00 HGM Automotive Electronic_s bluetooth compushift controller for 4L60E

Bluetooth-Programmable Overdrive? Compushift Transmission Control System For 4L60E

By Rob Fortier – Photography by Tim Sutton

Around the early ’90s GM introduced the 4L60E transmission. Essentially, the 4L60E is a grown-up 700-R4, with the adult aspects being the absence of a governor, standard valve body, and those temperamental TV cables—all dictating the use of a computer in which to control the transmission itself. However, for the better part of the ’90s on through the ’00s, the 700-R4 ruled the classic truck market when it came to overdrive swaps.

I’ve had my fair share of 700s, in the earlier years of my career (when companies were still trying to figure out the TV/carb linkage deal) to more recently (when practically everyone had the TV cable figured out), and can say that in the right vehicles they’re hard to beat. But, save for my late-model daily drivers, I’d yet to experience the computer-controlled joys of an electronic overdrive … till now.

01 Phoenix transmission level two street _ strip version of their 4L60E
Phoenix Transmission Products’ PT4L60EST SS is their level two street/strip version of the company’s bulletproof 4L60E line of electronic four-speed overdrives—this one specifically suited for high-torque big-blocks, such as the 454 out of our 1969 C10 project. It’s rated to handle up to 500 hp and 525 lb-ft of torque—with no finicky TV cable to mess with or worry about.

Read More: Sneak Peak: Art Morrison’s New 1967-1972 C10 Chassis with MetalWorks Speed Shop

Ironically, my very first overdrive transmission was the smaller version of the 700, the lighter-weight 200-4R, which was supplied by my old friend Greg Ducato from Phoenix Transmission Products. So, on top of the fact that they’ve been in the game since 1983, it just seemed natural that I go to Phoenix Transmission Products for my very first foray into the electronic overdrive world. I wanted to replace the Turbo 400 transmission in my 1969 C10, but since I’m sticking with the 454 big-block and not going the LS swap route, I had concerns about the compatibility. Those concerns were quickly dismissed, as I was informed that not only does Phoenix offer a “non-LS” 4L60E, they offer a standalone TCU. As Ducato put it, “Naturally, hot rodders were drawn to this transmission as a means to finally get a reliable overdrive to go behind high-output big-blocks … unfortunately, it took the aftermarket a few years to come up with a simple, easy-to-install, stand-alone computer system that could be fitted to older, non-computer-controlled vehicles.”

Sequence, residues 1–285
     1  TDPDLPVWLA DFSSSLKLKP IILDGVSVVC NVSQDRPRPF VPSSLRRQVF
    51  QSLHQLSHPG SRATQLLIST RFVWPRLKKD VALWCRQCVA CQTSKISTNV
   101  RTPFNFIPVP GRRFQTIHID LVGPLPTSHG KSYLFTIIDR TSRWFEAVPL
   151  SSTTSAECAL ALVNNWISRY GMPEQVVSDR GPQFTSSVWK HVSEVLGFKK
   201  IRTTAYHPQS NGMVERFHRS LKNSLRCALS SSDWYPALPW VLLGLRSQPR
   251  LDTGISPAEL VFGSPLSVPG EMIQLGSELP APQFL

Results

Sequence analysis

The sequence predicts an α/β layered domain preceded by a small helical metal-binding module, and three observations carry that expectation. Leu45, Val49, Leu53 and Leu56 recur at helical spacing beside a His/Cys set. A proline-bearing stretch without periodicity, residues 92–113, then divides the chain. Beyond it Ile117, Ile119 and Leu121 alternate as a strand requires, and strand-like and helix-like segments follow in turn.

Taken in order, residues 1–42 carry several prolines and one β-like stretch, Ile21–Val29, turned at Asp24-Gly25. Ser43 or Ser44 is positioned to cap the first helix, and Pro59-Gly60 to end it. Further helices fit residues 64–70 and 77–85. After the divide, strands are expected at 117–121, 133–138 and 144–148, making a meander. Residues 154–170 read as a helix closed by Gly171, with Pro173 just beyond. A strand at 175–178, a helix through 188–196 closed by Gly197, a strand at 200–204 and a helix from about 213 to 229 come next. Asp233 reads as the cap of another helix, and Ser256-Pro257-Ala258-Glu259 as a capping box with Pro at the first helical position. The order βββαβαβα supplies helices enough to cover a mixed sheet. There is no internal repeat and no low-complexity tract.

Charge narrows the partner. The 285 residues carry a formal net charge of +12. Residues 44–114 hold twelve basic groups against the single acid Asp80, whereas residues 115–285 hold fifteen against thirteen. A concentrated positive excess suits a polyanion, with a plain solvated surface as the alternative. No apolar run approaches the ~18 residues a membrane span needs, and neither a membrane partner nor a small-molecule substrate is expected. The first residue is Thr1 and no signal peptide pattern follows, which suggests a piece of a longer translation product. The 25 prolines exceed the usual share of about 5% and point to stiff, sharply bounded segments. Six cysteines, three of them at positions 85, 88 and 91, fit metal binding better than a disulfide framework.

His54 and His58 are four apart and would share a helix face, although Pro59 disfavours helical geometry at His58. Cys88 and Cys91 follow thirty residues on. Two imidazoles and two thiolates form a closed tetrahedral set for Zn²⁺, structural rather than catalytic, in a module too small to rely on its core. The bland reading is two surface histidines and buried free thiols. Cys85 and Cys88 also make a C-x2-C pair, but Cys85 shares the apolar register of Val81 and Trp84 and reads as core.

What Ducato ended up supplying was Phoenix’s PT4L60EST: their stage two “street/strip” 4L60E rated to handle 500 hp/525 lb-ft complete with a 298mm Torque Max 2,500-stall lockup converter, upgraded high-rpm clutches (up to 6,500 rpm), a G-Force 1967-1972 C10 transmission crossmember and CompuShift’s Sport/Pro precision shift controller (TCU) from HGM Automotive Electronics.

02 We use HGM automotive electronic_s TCU
The absence of the TV cable means there needs to be an electronic means in which to control the shifting of the overdrive transmission: meet the CompuShift Sport/Pro “next-generation” precision shift controller (TCU) from HGM Automotive Electronics. According to HGM Automotive Electronics, this is/was the first TCU that is “app programmable via both iPhone/iPad (iOS) and Android devices.” In other words, we’ll be fine-tuning this trans wirelessly from my phone!

Both the transmission and its accompanying rear crossmember are true bolt-on/bolt-in—no cutting, grinding, drilling, adapting, or anything other than simply bolting said items in place on the back of the 454 big block and between the framerails of the C10! Now, when it came to the CompuShift TCU, I was still apprehensive at first—but as soon as we unboxed the shift control unit and realized what we were dealing with, well, let’s just say “plug-and-play” has never been easier! The best part is, the programming can all be done literally by the seat of your pants—while seated in your vehicle using your smartphone once you’ve downloaded the CompuShift Setup App (the TCU, as stated, is Bluetooth enabled). The wiring harness took 30 minutes to install; the TCU just required an under-dash bracket to mount it off, which we fabbed up in the same amount of time. Combine that with the hour or so it took to mount the Phoenix 4L60E transmission to the back of the 454 big block and drop it in the C10 and you’ve got the simplest “high-tech” overdrive transmission install I’ve ever been witness to!

Phoenix Transmission Products
(817) 599-7680
phoenixtrans.com

CompuShift/HGM Automotive Electronics
(877) 744-3887
hgmelectronics.com

Jimenez Bros. Air Ride & Rod Shop
(951) 343-5948
jimenezbrosairrideandrodshop.com

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